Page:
Is it Entertainment?

Entertainment is generally not a deductible business expense. Entertainment rules can be tricky, but in general, the more lavish the meal or event, the more costly, the later in the day and if alcohol is involved then it will generally be called entertainment.

Fringe benefits tax may apply to entertainment benefits provided to employees, and if an event or gift is considered to be entertainment then you cannot claim a business deduction or GST.

A Christmas party for employees, spouses, suppliers and customers may or may not be classed as entertainment. Check with us to see if any of the party costs can be claimed.

Keep it Free From FBT

  • If you give gifts to your employees keep them under $300 each. Benefits provided which have a value of less than $300 are exempt from FBT.
  • Give gifts to employees that they otherwise would have claimed as a tax deduction. For example, you could pay for a professional development course or give new tools.
  • Give gift cards or vouchers up to the value of $300. (Vouchers are not considered to be entertainment).
  • Avoid giving ‘entertainment’ gifts over $300, such as membership to clubs, tickets to events or travel.
  • Pay a Christmas bonus. Process through payroll like any other wage payment and withhold tax. Remember that superannuation applies to bonus wages.

Enjoy the Party

Talk to us when planning your Christmas gifts and events to check how much may be claimed as business expenses. Once you know the costs of throwing a party and giving gifts and bonuses, you can put your feet up and enjoy your own party!

Top Eight Things To Outsource In Your Business

A man is pointing his finger on the word outsource

If you’re looking to scale your business, you’ll need to spend more time working on it than in it. Finding ways to leverage your time is critical, and outsourcing your least favourite tasks is a great way to do this.

Things you should consider outsourcing in your business:

  1. Digital marketing.
    From your content strategy to your social media accounts, if this is not a strength of yours, outsource it! There are many freelancers who have multiple clients at this level, who’ll likely be more knowledgeable regarding SEO and much more effective and efficient in general.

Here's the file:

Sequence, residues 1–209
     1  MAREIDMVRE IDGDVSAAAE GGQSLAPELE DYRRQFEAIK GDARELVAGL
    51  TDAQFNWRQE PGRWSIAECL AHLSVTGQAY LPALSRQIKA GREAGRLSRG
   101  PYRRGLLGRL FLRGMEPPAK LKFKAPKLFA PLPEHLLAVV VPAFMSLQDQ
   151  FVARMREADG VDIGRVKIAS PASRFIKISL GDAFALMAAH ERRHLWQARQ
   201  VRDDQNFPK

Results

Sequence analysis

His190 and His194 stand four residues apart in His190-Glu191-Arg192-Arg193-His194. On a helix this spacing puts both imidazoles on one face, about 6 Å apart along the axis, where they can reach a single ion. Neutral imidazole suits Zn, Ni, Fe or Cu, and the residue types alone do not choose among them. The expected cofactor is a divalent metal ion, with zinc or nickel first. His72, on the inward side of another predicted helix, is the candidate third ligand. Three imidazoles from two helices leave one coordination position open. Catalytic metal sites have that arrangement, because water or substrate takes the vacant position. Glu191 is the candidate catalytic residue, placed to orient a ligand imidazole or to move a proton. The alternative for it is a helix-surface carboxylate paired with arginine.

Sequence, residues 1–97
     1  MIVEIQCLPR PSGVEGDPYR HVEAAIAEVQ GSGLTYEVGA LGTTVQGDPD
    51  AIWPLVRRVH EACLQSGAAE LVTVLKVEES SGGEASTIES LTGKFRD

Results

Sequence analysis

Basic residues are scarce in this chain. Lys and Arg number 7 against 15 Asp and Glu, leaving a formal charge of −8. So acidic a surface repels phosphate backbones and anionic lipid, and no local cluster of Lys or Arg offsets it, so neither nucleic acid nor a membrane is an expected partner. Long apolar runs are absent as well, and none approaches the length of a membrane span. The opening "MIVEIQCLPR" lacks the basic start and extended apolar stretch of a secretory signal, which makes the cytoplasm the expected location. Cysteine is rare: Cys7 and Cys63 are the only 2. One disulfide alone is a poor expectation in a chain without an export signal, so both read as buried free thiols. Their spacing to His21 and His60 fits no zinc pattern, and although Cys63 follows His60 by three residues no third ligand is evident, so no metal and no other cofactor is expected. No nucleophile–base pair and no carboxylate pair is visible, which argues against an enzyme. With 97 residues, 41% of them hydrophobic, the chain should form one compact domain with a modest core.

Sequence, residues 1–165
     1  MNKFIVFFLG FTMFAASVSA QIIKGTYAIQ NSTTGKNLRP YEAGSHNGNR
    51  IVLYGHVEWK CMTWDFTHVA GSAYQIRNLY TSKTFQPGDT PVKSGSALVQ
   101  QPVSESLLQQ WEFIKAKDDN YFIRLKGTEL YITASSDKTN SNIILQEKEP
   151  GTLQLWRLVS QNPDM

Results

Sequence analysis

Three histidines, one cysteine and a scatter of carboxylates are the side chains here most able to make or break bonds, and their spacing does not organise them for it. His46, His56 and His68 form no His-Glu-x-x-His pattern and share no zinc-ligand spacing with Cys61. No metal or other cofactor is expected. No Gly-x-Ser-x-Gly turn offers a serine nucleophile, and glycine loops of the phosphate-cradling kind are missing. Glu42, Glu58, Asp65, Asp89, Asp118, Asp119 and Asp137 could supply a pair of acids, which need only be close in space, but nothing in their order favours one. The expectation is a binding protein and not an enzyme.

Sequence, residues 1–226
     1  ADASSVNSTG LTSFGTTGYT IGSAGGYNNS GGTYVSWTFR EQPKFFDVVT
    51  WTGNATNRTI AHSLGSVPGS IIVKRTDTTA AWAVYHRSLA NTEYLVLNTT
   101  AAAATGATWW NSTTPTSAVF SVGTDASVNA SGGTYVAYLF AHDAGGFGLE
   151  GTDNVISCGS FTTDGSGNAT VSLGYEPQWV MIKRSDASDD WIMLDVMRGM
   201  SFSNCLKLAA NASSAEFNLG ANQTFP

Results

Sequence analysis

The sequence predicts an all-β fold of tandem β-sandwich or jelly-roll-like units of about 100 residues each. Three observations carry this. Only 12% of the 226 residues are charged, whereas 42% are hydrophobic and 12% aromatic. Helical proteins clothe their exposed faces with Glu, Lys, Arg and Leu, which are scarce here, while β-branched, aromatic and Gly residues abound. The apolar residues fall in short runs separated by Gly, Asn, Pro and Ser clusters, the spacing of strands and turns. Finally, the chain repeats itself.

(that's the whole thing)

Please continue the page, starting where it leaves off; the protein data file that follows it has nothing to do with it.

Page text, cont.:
2. Graphic design.
    Your brand is a key reflection of your product offering. If you don’t have the skill, software and time to do this well, you’ll potentially damage your brand.
  3. Scheduling and administrative tasks.
    A Virtual Assistant can help you manage anything from your appointments to flights, emails and beyond (virtually anything admin). At a lower level, consider adopting software that’ll automate or minimise processes, such as self-booking appointment apps where your clients can schedule a meeting with you, e.g. Calendly.
  4. Customer feedback.
    Many businesses miss this valuable opportunity to connect with customers and improve their experience. A Virtual Assistant can help, but there are also apps (such as Ask Nicely) that automate the process of asking for feedback; directing happy responses to leave you Google reviews and negative responses back to you to quickly resolve!
  5. Inventory management.
    Too much stock can cause cashflow issues and affect sales price (due to resulting discounting), but not enough equals lost sales. Outsourcing inventory management can help you minimise stock-carrying costs and allow you to focus on more important things.
  6. Payroll.
    This task is best left to the professionals. Outsourcing payroll will minimise the risk of inadvertently getting it wrong, while saving you time and, most likely, reducing the cost of this task. Utilising a payroll product is another great option.
  7. Bookkeeping.
    Do bookkeeping tasks often infiltrate your evenings or weekends? Does the stress of these tasks piling up occupy your mind? Outsourcing these tasks (and the stress) to someone else can be liberating and cost-effective.
  8. Virtual CFO.
    If you find budgeting and forecasting a struggle, a virtual CFO can wear this important hat for you. They’ll monitor the financial health of your business and provide a fresh perspective which will help you make better strategic decisions and improve your results.